Light is the best! I love light! And I’d better, because when I’m not writing Science Burrito, light is my job. I’ve talked about light a fair bit already of course. You know by now that it is light that stops you falling through the floor, and cuts your cheese and that light is one of the strongest things in the universe.
I work with lasers. My job essentially boils down to shooting lasers and things all day and seeing what happens to them. It is pretty sweet, I won’t lie, and for this blog, I wanted to show a little bit about how lasers work. And to do that, we’re going to perform a really simple little experiment.
You only need three things for this experiment:
- Tonic water – easily available at all good supermarkets
- Two glasses – easily available in all good cupboards
- A UV LED torch – more easily available than you’d think from Amazon, or eBay, or any number of other online stores.
CAUTION! UV light can be dangerous if shone directly into your eyes. You can’t see it, so you won’t know it’s hurting you, but it can damage your vision. Use the UV LED torch with your designated responsible adult only and do not shine it into your eyes!
So, like before, we’ll do the experiment first, and then I’ll take through what’s going on deep down at the molecular level.
First of all, take one of your glasses and fill it with water.
Now, shine your UV torch into it. What happens?
Yeah, basically nothing. Don’t worry though, I only told you to do that so the next bit would look even cooler!
Ok then, take your second glass and fill it with tonic water.
Now, shine your torch through the tonic water. What happens now?
Pretty cool huh? You should see a bright green line of light passing through the tonic water, as if out of nowhere! Try the water again, you’ll see nothing, try the tonic water, a green beam! Amazing!
So, where is the green light coming from? Well, it’s caused by something called fluorescence. This is a word you might have heard before; fluorescent jackets for instance. Here is how it works:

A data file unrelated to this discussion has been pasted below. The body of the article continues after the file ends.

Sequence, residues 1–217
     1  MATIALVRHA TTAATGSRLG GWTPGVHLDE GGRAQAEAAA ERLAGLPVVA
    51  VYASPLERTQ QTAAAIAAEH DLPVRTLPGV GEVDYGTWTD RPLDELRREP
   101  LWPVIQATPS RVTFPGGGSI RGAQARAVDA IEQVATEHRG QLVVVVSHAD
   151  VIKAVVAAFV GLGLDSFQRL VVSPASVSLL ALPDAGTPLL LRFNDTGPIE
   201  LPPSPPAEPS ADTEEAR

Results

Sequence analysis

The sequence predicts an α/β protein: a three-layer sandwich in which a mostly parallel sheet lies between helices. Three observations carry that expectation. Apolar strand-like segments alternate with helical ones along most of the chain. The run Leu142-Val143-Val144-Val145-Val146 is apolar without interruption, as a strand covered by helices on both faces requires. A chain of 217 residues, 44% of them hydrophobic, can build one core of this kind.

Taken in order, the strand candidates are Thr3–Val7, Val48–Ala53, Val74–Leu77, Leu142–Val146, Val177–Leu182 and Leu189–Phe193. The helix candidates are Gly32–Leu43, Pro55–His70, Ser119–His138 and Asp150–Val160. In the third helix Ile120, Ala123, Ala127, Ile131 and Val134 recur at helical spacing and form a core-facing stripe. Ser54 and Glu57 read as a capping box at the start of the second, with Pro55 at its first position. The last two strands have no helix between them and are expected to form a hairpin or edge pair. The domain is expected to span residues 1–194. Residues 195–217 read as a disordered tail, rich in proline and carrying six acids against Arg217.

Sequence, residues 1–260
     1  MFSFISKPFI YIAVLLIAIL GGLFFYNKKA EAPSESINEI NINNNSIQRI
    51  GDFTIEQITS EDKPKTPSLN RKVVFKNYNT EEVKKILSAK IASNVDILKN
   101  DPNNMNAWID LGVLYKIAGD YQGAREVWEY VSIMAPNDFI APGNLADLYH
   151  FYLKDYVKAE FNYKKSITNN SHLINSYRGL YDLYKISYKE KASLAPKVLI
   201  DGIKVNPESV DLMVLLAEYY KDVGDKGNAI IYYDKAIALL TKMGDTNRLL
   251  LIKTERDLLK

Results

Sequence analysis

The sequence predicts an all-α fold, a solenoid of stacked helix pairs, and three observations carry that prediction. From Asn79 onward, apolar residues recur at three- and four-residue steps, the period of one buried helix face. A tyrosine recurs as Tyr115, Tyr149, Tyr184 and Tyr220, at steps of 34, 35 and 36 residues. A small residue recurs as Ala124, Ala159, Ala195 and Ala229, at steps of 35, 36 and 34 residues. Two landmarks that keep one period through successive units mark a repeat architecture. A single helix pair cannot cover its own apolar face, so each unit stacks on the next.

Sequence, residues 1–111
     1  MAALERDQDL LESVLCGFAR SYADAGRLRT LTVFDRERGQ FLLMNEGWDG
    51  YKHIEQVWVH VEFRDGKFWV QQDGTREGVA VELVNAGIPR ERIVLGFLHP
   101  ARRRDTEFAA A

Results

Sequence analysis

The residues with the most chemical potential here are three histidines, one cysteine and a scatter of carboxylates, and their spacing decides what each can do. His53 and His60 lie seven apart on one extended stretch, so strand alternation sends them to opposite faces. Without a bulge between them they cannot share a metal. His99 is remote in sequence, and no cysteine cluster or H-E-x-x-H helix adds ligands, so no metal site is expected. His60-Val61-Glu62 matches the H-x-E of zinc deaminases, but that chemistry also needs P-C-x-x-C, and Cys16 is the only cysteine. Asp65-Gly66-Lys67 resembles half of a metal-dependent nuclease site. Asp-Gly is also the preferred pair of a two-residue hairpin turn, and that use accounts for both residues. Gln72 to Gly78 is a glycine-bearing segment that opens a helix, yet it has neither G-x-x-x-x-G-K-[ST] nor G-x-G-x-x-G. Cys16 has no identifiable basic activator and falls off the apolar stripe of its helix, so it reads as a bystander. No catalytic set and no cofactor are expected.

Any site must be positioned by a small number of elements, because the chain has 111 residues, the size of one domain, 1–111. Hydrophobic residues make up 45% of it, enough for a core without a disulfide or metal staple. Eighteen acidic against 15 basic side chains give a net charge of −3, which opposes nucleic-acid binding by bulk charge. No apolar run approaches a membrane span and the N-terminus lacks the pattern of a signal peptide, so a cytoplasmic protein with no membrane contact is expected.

White light is actually made up of all the colours of the rainbow. When it hits a raindrop, the colours get spread out and separated and that’s why you see a rainbow.
When light hits something like, say, a leaf, some of the light is absorbed, but not all of it. That’s is what makes a leaf green. It absorbs red light and blue light, but the middle bit of light, the green bit, is reflected back away, so it looks green.
Clear things, like water, don’t absorb visible light. That’s why they are clear, it all just passes right through or reflects off the surface.
But there is so much more light than just what your eyes can see.
This is the electromagnetic spectrum.
Electromagnetism is what light is made of (also electricity and magnetism, it’s pretty awesome stuff). Believe it or not, what makes you mobile phone work is invisible light. Heat? That’s light. Your microwave? That’s light too. When you have an X-ray? X-rays are a type of light as well. The two types of light that are nearest to the visible region, but aren’t actually visible are called infrared (literally meaning under red) and ultraviolet (meaning over violet). The difference between all the different parts of the spectrum is how much energy that light has. Red light has less energy, blue or violet light has more energy.